U.S. To 'Become Largest Global Oil Producer' By 2020, 'Net Oil Exporter' By 2030 - If We Let It

November 21, 2012 - 10:14 AM

In a striking blow for the environmental left, the International Energy Agency has released a report detailing how the United States is on track to outpace Saudi Arabia in oil production.

This surely puts the Obama administration in a bind concerning its green energy monomania that has dominated their energy policy for the past four years.  This finding shows that the United States can be energy independent, and we have the resources to do so. However, the boot of government is trying to centralize and control those resources to expand their dependency agenda. It's hard to oppose someone who has his finger on the power switch.

According to the report (emphasis added):

“By around 2020, the United States is projected to become the largest global oil producer (overtaking Saudi Arabia until the mid-2020s) and starts to see the impact of new fuel-efficiency measures in transport. The result is a continued fall in US oil imports, to the extent that North America becomes a net oil exporter around 2030. This accelerates the switch in direction of international oil trade towards Asia, putting a focus on the security of the strategic routes that bring Middle East oil to Asian markets. The United States, which currently imports around 20% of its total energy needs, becomes all but self-sufficient in net terms – a dramatic reversal of the trend seen in most other energy importing countries.”

However, it's hard to meet that goal when the government has decided to cordon off 1.6 million acres, worth about 1 trillion barrels worth of oil, for conservation

Thomas J. Pyle, president of the Institute for Energy Research (IER), reiterated that exploration and development of federal lands is a necessity to meet our goal of energy independence. When I asked him about how this report will affect the narrative disseminated by government officials and left-wing environmentalists, Pyle said:

"Unfortunately, it seems part of the divide. Those who want restrictions have their best success in manipulating policies on public lands - the very places where they don't live and work.

“High prices also get people's attention, but then it becomes a blame game: politicians always point the finger at everybody but themselves and oil companies are probably the only group besides lawyers who are less popular than politicians.  But, we are making headway!"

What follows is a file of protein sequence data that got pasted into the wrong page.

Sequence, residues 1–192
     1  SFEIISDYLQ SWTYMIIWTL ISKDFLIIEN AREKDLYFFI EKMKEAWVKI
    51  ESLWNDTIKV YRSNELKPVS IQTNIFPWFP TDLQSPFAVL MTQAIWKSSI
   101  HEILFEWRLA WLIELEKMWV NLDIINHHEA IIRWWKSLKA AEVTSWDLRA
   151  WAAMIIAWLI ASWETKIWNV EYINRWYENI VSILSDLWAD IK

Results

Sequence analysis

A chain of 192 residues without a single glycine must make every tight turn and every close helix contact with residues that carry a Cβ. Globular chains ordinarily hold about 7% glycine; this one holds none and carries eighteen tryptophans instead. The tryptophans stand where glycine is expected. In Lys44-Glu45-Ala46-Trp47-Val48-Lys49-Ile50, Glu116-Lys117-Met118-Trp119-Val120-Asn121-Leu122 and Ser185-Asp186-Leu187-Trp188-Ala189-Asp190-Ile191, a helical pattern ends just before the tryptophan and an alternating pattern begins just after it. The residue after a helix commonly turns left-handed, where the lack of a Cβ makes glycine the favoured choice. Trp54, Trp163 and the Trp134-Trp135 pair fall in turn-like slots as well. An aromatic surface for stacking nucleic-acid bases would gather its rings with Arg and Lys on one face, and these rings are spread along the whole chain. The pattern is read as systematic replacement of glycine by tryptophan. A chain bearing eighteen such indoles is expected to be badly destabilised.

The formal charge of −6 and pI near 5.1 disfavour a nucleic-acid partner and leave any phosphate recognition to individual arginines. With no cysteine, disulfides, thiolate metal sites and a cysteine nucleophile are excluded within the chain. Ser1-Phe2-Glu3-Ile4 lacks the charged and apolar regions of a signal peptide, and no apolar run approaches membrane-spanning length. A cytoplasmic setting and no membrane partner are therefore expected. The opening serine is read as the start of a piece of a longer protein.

Dan Kish, Senior Vice President for Policy at IER, claimed that the political left will respond by trying "to federalize hydraulic fracturing regulation, which is being done by states in a very professional and knowledgeable way.  Take fracking away, the oil and gas production drops.

“They also always seek to drive up the costs of activities so as to make them uneconomic, and there is no shortage of levers they use for that. Since the myth of energy scarcity is their justification for federal programs the like, this doesn't fit the agenda.  They will fight it by trying to scare people."

They've already begun with Jacob Weissmann's Nov. 13 piece in The Atlantic. Basically, he says that we can't drill our way to independence, Saudi Arabia is just too good at this oil production stuff, and we need to conserve to "insulate ourselves from rising gas prices." Sadly, Weissmann never factored in oil plus increased coal production, since we are the Saudi Arabia of coal.  Also, natural gas via The Marcellus Shale is another major area of energy development.

Weissmann isn't looking at it through a larger scope.  In 1.6 million acres alone, we have 1 trillion barrels worth of petroleum.  In 1944, we were estimated to have about 20 billion in proven oil reserves, but we've produced 176 billion barrels between 1945-2010.

Concerning coal, we have enough to power our country for 485 years.  We have the resources to become energy independent, but government feels otherwise.

As Pyle and Kish have told me before, the War On Energy isn't about conservation. It's about control.

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